Adrienne graces the cover of the current issue of Barstool Sports. We are not familiar with this publication, but we are advised that it is “a prestigious biweekly magazine.”
In our opinion, the cover photograph isn’t even the best picture of this comely young lawyer-in-training. We think this shot and this one are both superior. To review Adrienne’s photo gallery for yourself, click here.
Adrienne — who will be making an appearance next Thursday, March 15, from 9 to 11 p.m., at an establishment called “Whiskey’s” — is studying for a JD. But based on her interview, it sounds like she’s also pursuing her MRS….
A quick follow-up to yesterday’s post about Judge Richard Posner’s opinion in the “Giftes” free speech T-shirt case.
Thanks to the commenter who brought the two drawings in the opinion exhibits to our attention. We reprint them after the jump. And we look forward to seeing them in the august pages of the Federal Reporter.
A detailed excerpt, plus a link to the full opinion, can be accessed here (via How Appealing). Money quote:
[T]he picture and the few words imprinted on the Brandt T-shirt are no more expressive of an idea or opinion that the First Amendment might be thought to protect than a young child’s talentless infantile drawing which Brandt’s design successfully mimics. Otherwise every T-shirt that was not all white with no design or words… would be protected by the First Amendment, and schools could not impose dress codes or require uniforms without violating the free speech of the students, a proposition sensibly rejected in the Blau case.
“[T]alentless infantile drawing”? Judge Posner, that was way harsh.
You had to rule against the plaintiffs based on the caselaw; fine. But did you really have to insult their artistic abilities? Kids are like district judges: their feelings are easily hurt.
(If you’re not familiar with this bizarre but amusing litigation, read our earlier post, available here.) Rulings of Note from the Seventh Circuit [How Appealing] Earlier: Lawsuit of the Day: Gifties v. Tards
Four years ago, the “Gifties” of Beaubien School lost in the principal’s office. Then, this class of gifted eighth-grade students lost in U.S. district court.
Undeterred, Thursday the group went before one of the highest courts of the land, arguing their principal violated First Amendment free speech rights when he punished them for wearing T-shirts with the word “Gifties” on them.
“There’s a certain point when you have to stick up for your rights,” said Michael Brandt, one of 24 gifted students who sued their principal and the Chicago Board of Education. His mother, Irene Dymkar, is representing the students in the class action lawsuit.
At oral argument, Judge Richard Posner sounded unsympathetic to their cause:
“Why do people bring lawsuits for such trivialities?” Judge Richard Posner, a notoriously tough jurist, asked Dymkar during a three-judge hearing of the U.S. Court of Appeals for the 7th Circuit Thursday. “Have they been harmed, these ‘Gifties’?”
“Trivialities”? C’mon, Judge Posner — have a heart! Surely you, a genius among geniuses, should be sensitive to the plight of “gifties.”
Chicago Public Schools lawyers say Kotis was protecting the kids from possible attacks by regular education students. They argue there were tensions between the groups and Kotis had outlawed the word “gifties,” as well as “tards,” used to refer to regular education students….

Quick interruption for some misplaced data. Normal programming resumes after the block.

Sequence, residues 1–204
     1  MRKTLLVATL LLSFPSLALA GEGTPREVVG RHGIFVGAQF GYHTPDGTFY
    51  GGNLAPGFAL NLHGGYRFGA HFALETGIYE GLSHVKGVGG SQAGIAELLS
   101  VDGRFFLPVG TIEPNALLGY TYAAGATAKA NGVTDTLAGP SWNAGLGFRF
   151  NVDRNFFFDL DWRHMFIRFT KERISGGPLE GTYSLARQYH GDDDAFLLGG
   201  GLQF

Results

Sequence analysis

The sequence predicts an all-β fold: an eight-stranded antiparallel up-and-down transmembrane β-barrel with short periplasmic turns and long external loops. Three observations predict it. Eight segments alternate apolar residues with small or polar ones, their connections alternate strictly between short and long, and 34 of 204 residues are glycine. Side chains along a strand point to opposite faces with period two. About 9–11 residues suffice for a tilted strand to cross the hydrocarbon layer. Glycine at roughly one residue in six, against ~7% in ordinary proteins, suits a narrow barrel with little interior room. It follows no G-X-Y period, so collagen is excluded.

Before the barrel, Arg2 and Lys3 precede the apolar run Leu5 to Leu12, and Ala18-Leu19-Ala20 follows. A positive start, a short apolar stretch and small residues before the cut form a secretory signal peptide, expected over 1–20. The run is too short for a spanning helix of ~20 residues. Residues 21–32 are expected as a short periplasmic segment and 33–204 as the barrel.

The gifted students claim there was no safety issue.
* Having your cake — and screwing it, too? [Overlawyered]
* If your cake contains trans fats, Judge Posner — who’s rumored to enjoy grapefruit for dessert — will take it away from you, and dump it in the trash. [Becker-Posner Blog]
* Marty Lipton’s theory of executive compensation: “I make tons of money, and I’m just the hired help. So client CEOs should make even more!” [Reuters]
* Chief Justice John Roberts: the boy who cried “constitutional crisis”? [Slate via How Appealing]
* This is lame. If everyone’s a name partner, then no one’s a name partner. [WSJ Law Blog]
* We suspect that the percentage of bad bosses is higher in the legal profession. Lawyers aren’t trained to be managers. And suck at it. [Workplace Prof Blog]
* The New York Court of Appeals: some tricky picking for Eliot Spitzer. [Judicial Reports]
* It’s about time that we had a litigatrix in the White House! [New York Times]
As previously mentioned, we’re on a reduced publication schedule this week. We’ll be doing a daily news round-up (and maybe a few other random posts here and there). We’ll return to our normal diarrhea of the keyboard publishing schedule on January 2.
* Civil libertarians, just raise the white flag. The Justice Department knows what you’re doing RIGHT NOW. [Washington Post]
* His father always knew there was “something special” about Judge Frank Easterbrook. And litigants who have appeared before FHE feel the same way. [Buffalo News via How Appealing (of course -- no offense, but we aren't regular readers of the Buffalo News)]
* In other Seventh Circuit news, Judge Richard Posner delivers remarks about maritime law to an audience of supermodels. We swear we’re not making this up. [Washington Post]
* Following up on our prior report, here’s a clear sign that Chadbourne & Parke partners don’t have enough business. [WSJ Law Blog]
* If McDonald’s french fries never taste the same, blame it on the anti-trans-fat legislation. [UPI]
* Complications of diabetes: not just medical, but law-related, too. [New York Times]
* If you’re a judge with unfulfilled literary aspirations, try writing something safe and non-controversial. Ideally it should be something nobody would want to read. We suggest a pop-up book about the Federal Rules of Bankruptcy Procedure. [St. Louis Post-Dispatch via How Appealing]
* Even more fun than charades: take Peter Lattman to a party, start reading out random newspaper headlines, and challenge him to find a legal angle to the stories. [WSJ Law Blog]
[T]he lawyers have wasted our time as well as their own and (depending on the fee arrangements) their clients’ money. We have been plagued by the carelessness of a number of the lawyers practicing before the courts of this circuit with regard to the required contents of jurisdictional statements in diversity cases.